by Structured Settlement Watchdog®
Nobody likes the idea of court scraping by settlement purchasers except those doing the scraping. I'm not necessarily a fan of scraping, but I feel it important to digest what both sides have to say and present an idea or two that may make sense.
Why Court Scraping Exists
The reason that public records are public is so we can monitor our government. Public records provide notice to all members of society of the official actions taken by government. They also provide notice of the "official" status of individuals and property. Making public records accessible to citizens via the Internet is a powerful way to arm people with the tools to keep government accountable.
A 2002 paper by the Privacy Rights Clearinghouse Public Records on the Internet: The Privacy Dilemma was prescient to many of the issues we face with the court scraping issue. It's an interesting read, most recently revised on March 18, 2015.
So here are a couple of reasons I've heard used in an attempt to justify scraping of court records:
- Saving of client acquisition costs. Instead of finding the proverbial needle in the haystack, you can locate someone is a known candidate because a petition has been filed to transfer structured settlement payment rights in a court near you.
- The noble reason propounded by some settlement purchasers is that court scraping informs a seller that hasn't shopped, that by shopping they may be able to get a better deal. A source of irritation for the gazumped structured settlement buyers, some of whom have taken to filing cases under seal to wall off the competition and enable them to wield the proverbial rusty brush. When it comes to selling structured settlement payment rights, the annuitant is selling payments at a discount, sometimes substantial. Getting more cash for the payments rights, or having to sell less of them to meet the seller's immediate need is a preferable solution isn't it?
Lack of regulation is the root of all evil here in my opinion.
The real problem with scraping is what is done with the scraped information and the business conduct of certain structured settlement buyers which, unfortunately is entirely unregulated.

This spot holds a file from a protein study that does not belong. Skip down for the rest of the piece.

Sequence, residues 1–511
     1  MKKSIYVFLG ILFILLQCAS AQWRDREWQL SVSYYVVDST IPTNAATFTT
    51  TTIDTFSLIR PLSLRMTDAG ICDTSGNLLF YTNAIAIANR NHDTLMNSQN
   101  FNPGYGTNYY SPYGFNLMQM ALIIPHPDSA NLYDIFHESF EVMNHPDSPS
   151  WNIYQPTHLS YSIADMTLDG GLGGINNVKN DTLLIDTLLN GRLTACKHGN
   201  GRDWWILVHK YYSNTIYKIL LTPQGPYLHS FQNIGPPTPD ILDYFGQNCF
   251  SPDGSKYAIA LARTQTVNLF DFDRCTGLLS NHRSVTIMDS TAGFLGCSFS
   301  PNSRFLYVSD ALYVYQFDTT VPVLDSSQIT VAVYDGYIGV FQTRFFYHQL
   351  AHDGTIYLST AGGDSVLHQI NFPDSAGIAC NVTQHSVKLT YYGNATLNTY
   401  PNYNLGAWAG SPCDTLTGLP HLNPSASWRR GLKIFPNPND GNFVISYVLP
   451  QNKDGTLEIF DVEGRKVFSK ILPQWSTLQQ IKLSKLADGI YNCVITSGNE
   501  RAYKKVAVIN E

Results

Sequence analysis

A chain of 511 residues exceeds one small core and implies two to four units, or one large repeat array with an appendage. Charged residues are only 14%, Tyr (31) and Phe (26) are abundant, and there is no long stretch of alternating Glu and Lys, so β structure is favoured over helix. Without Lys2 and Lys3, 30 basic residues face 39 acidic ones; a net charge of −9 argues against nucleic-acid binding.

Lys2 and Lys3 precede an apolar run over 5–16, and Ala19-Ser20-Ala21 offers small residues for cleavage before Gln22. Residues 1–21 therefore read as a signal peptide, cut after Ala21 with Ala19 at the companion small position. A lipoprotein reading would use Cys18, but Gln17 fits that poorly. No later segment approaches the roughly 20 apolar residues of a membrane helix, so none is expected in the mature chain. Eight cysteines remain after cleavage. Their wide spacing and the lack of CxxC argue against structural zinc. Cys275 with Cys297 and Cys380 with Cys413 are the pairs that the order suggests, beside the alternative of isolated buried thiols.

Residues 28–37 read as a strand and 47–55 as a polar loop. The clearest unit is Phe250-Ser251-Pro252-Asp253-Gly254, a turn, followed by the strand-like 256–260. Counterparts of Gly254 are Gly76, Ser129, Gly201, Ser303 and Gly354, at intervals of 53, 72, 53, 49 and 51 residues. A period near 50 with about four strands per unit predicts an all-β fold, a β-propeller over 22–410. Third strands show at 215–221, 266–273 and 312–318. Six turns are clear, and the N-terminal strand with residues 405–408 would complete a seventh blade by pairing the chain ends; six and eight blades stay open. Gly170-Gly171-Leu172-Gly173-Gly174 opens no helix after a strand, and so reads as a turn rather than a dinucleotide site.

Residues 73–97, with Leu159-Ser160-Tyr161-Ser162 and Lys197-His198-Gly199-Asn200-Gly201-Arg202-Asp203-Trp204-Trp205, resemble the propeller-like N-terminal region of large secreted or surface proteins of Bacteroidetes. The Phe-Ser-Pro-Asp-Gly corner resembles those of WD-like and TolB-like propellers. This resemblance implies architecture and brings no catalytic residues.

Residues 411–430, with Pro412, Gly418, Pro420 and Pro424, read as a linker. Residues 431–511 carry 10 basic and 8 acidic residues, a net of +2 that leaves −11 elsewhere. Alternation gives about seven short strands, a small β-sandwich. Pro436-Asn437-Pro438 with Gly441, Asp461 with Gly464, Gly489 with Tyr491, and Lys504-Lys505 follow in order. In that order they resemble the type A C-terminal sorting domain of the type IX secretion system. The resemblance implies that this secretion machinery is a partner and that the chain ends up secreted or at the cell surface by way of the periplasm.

- There should be a moratorium on solicitation of non-minor structured settlement annuitants for a minimum of 2 years from the time a structured settlement is established, measured from the annuity contract or certificate issue date. Consider that inappropriate solicitation of air crash accident victims' families led to the enactment of the Aviation Disaster Family Assistance Act of 1996, Pub. L. No.104-264, 110 Stat 3213 (codified at 49 U.S.C. § 1136 (2006)) and Pub. L. No. 106-181, § 401(a)(1), 114 Stat129 (codified at 49U.S.C. § 1136(g)(2) (2006)) prohibiting solicitation of legal retainer agreements for initially 30 days and later 45 days. No good can come of soliciting "wet ink" structured settlements. The result will be a massive loss of capital 100% of the time.
- There should be a moratorium on any approach or solicitation of minors (and their parents during the time period they are minors) until AFTER the minor has reached majority with severe penalties for violations. I recently received a call from someone whose 16 year old son was solicited directly by a cash now pusher. The settlement purchaser is helping nobody except himself and his company.
- Cold drop-ins at annuitant's residence obtained from scraped court records, or otherwise, should be prohibited
- Those with criminal records should not be permitted to operate in the structured settlements secondary market in any capacity.
- Door to door solicitation should be prohibited
- Financial gifts should be limited to a nominal amount as in other financial industry segments.